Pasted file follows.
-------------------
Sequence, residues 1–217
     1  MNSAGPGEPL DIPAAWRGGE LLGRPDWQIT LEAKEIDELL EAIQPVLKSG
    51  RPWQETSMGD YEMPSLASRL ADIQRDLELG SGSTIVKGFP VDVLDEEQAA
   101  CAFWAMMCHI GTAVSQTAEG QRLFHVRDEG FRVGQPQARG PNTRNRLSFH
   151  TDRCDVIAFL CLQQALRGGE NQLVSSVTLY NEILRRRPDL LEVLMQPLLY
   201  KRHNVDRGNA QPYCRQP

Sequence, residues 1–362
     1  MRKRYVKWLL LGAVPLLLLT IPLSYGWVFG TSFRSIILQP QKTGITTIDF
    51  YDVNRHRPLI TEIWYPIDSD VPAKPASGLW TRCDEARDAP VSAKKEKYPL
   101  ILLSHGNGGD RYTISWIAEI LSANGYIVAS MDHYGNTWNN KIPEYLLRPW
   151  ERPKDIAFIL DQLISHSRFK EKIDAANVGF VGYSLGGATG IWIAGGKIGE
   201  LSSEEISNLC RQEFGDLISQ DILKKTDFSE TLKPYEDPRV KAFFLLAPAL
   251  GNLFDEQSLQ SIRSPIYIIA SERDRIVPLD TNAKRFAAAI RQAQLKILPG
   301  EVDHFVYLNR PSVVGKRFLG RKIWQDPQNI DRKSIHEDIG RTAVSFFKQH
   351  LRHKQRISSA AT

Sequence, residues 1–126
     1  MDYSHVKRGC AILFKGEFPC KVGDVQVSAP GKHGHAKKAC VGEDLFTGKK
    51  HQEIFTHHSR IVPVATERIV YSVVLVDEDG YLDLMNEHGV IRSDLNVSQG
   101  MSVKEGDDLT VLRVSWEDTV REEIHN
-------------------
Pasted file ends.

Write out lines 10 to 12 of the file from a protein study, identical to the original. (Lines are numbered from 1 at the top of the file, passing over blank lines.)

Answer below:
   101  ILLSHGNGGD RYTISWIAEI LSANGYIVAS MDHYGNTWNN KIPEYLLRPW
   151  ERPKDIAFIL DQLISHSRFK EKIDAANVGF VGYSLGGATG IWIAGGKIGE
   201  LSSEEISNLC RQEFGDLISQ DILKKTDFSE TLKPYEDPRV KAFFLLAPAL